Alumni in the News In the News

December 10, 2016 at 9:31 am

English Alum Pens Book about History of Church, Springfield

The Urbana Daily Citizen writes about Ohio University alum Daniel Walter in a story headlined “Local author pens first book: Content focuses on history of High Street UMC and Springfield.”

An innocent request by a former area pastor aimed at preserving the historical documents and photographs of the 167-year-old High Street United Methodist Church in Springfield led Urbana resident and church historian Daniel Walter on a trip back in time. This journey, which led to the discovery of a close connection between the development of the city of Springfield and the church, is outlined in Walter’s first published book: “High Street United Methodist Church: A Comprehensive, Illustrated History.”

When former High Street UMC Pastor Jeff Allen suggested that someone from the church go to the basement of the 230 E. High St. building and look through three or four boxes, Walter, who was baptized at the church in 1948 and just happens to be a history buff, decided to take on the duty.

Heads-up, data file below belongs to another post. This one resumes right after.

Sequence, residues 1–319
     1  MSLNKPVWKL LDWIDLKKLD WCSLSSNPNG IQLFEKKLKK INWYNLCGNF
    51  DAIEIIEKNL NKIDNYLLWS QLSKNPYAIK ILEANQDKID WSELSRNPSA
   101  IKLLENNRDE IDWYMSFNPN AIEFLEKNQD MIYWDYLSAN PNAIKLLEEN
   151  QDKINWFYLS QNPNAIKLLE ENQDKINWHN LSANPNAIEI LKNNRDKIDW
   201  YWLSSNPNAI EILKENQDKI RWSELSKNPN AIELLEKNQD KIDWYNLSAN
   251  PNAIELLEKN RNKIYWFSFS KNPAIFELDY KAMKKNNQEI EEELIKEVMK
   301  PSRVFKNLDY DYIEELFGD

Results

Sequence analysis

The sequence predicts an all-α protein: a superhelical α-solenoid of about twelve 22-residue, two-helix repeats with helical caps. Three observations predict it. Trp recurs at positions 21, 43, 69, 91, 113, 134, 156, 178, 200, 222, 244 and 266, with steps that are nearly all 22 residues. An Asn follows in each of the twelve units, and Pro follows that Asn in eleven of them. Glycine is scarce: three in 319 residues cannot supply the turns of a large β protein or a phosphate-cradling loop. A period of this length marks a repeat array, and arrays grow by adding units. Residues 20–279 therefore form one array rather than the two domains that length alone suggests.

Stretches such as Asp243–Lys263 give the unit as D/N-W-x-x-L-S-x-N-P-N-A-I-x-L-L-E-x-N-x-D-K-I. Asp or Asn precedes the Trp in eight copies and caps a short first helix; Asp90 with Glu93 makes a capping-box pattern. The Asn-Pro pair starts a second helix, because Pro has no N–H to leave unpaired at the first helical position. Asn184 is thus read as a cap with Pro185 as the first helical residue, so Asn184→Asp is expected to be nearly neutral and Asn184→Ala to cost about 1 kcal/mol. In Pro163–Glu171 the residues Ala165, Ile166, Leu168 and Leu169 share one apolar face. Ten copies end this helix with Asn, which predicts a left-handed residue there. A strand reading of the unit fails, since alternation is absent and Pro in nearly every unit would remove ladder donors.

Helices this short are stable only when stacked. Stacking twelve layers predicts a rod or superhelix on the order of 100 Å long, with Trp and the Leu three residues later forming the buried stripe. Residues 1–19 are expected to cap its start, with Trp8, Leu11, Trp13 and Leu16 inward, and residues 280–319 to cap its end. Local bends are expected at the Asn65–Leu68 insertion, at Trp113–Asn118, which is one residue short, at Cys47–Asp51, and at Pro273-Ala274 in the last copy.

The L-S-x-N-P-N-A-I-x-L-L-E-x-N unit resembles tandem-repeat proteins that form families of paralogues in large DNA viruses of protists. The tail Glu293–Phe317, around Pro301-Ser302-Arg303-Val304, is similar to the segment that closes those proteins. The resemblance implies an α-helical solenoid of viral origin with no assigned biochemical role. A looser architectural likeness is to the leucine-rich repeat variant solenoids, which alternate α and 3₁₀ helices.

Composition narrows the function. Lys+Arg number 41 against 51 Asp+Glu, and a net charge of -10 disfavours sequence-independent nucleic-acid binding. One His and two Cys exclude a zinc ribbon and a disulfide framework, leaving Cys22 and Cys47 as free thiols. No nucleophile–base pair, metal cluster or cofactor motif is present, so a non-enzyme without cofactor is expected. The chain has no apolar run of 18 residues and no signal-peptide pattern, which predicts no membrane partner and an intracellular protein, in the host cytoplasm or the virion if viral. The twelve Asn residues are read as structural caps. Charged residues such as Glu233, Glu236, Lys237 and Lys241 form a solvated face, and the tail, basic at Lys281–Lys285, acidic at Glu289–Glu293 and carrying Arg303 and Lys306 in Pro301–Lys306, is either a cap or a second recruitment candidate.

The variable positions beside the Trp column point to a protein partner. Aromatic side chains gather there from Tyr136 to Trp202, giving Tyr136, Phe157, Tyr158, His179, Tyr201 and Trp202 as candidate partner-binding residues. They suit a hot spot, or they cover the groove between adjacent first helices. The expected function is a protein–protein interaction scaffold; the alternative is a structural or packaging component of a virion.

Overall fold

“I went down there and found 25 boxes,” he said. “I volunteered to go through them and make an attempt to preserve them and sort them, which I eventually did.”

While looking through the documents as he placed them in special archival boxes and sleeves, Walter – having grown up in Springfield – noticed something that caught his interest.

“Along the way, it became clear that the history of the church going back to 1849 was also essentially the history of Springfield and Clark County,” he said. “A lot of the movers and shakers in the community were members of High Street, so that’s when the idea of the book started to take shape.”

Walter, who holds a bachelor’s degree in English from Duke University and a master’s degree in English and American literature from Ohio University, said the 300-plus-page book, which was printed in November and took about a year to write, is “essentially an ongoing history of Springfield, Clark County, and to a lesser extent Champaign County.”

Read the rest of the story in the Urbana Daily Citizen.

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